Some hundred years after John Dewey worked to illuminate what it means to educate and how public education serves as the bedrock of democracy, his seminal Democracy and Education speaks urgently not only to critical contemporary educational issues but to contemporary political issues as well. As mania for testing forces a steadily narrowing curriculum, Dewey explains why democracy cannot “flourish” if “the chief influences in selecting subject matter of instruction are utilitarian ends narrowly conceived for the masses.” As such utilitarian subject matter is increasingly placed online, isolating individual students and their electronic screens, he insists that education happens not through direct instruction but “indirectly by means of the environment” where members of a community engage in meaningful tasks. As the American population appears increasingly subject to rhetorical manipulation and ideological extremism, Dewey imagines the possibility of education cultivating “habits of mind which secure social changes without introducing disorder.” Insightful and inspiring, Dewey’s classic reintroduces readers to educational and political possibilities hard to remember as political and corporate forces to work reshape American public schools in the service of global profit rather than democratic life.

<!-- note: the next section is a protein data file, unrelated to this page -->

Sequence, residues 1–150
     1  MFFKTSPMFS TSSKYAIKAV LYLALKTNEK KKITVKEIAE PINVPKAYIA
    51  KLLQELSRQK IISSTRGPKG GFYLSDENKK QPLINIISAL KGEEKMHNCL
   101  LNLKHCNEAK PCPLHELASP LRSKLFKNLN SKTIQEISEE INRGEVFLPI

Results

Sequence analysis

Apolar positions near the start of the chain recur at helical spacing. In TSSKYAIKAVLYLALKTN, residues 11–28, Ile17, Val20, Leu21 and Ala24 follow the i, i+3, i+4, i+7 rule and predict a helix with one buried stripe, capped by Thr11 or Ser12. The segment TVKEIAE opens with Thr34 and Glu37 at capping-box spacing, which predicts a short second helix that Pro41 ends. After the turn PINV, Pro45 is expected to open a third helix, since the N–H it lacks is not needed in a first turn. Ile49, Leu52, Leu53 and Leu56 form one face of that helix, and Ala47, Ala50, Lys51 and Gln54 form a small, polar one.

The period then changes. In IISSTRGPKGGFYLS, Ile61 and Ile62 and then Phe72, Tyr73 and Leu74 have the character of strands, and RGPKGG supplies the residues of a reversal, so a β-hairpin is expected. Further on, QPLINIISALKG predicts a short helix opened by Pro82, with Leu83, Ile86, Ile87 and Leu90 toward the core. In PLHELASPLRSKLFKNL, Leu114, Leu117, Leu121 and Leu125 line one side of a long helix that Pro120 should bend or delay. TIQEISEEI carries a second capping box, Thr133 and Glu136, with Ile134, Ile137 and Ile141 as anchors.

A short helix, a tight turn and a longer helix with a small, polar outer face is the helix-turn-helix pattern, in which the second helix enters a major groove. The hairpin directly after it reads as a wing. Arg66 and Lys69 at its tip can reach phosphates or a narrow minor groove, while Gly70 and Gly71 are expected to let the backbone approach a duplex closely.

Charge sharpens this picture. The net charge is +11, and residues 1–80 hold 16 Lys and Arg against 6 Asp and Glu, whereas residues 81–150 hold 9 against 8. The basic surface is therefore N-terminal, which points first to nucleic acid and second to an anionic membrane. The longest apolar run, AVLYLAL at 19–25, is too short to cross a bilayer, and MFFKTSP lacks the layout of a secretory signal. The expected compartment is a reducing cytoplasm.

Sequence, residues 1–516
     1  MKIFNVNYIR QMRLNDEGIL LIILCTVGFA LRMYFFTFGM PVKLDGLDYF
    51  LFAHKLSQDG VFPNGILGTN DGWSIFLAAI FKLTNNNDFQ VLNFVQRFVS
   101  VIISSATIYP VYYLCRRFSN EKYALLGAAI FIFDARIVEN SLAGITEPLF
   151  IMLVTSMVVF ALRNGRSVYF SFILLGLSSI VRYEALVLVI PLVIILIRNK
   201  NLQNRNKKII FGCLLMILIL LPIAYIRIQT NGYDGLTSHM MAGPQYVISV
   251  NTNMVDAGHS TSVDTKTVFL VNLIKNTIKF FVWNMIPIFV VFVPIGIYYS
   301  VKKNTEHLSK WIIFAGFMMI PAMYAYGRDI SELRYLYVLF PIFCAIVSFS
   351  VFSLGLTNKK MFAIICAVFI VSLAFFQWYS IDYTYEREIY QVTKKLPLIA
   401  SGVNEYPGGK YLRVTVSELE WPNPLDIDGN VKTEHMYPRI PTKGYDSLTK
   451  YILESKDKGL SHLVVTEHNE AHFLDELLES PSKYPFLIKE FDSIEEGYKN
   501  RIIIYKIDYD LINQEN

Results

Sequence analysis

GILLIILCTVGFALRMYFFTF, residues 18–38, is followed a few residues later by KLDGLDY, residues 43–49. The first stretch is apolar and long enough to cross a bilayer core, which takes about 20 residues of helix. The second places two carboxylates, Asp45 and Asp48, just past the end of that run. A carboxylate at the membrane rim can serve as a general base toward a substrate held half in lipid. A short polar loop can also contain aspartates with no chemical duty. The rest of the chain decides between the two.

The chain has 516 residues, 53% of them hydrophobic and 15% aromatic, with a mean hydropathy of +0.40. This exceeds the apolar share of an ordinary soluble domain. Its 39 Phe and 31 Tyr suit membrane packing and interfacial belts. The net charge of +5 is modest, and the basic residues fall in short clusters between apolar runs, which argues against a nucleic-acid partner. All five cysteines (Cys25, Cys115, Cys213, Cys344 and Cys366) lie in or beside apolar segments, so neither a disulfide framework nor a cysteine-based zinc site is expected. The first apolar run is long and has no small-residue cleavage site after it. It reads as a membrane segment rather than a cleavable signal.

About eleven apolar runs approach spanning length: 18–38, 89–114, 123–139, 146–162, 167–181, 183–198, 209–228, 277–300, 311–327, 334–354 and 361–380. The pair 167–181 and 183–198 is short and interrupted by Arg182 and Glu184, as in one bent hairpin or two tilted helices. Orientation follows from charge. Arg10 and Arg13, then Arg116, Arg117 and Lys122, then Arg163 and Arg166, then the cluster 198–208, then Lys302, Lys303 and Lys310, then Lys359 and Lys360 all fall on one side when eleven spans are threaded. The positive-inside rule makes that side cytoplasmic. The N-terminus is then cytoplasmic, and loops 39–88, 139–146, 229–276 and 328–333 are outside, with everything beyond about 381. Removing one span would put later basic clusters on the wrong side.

Myers Education Press’s Timely Classics in Education offer readers the opportunity to return to the original works of giants whose influence on education have persisted through the years. Critical introductions to each work offer information on the context of the original work as well as insights into current relevance. For readers unfamiliar with each text, the introductions provide entrée to the work; for experienced readers, the series offers an opportunity to return to original works untainted by the distortions of decades of interpretation. Unlike poorly produced facsimile editions, Timely Classics are high-quality products. They can be adopted for use in many types of education classes.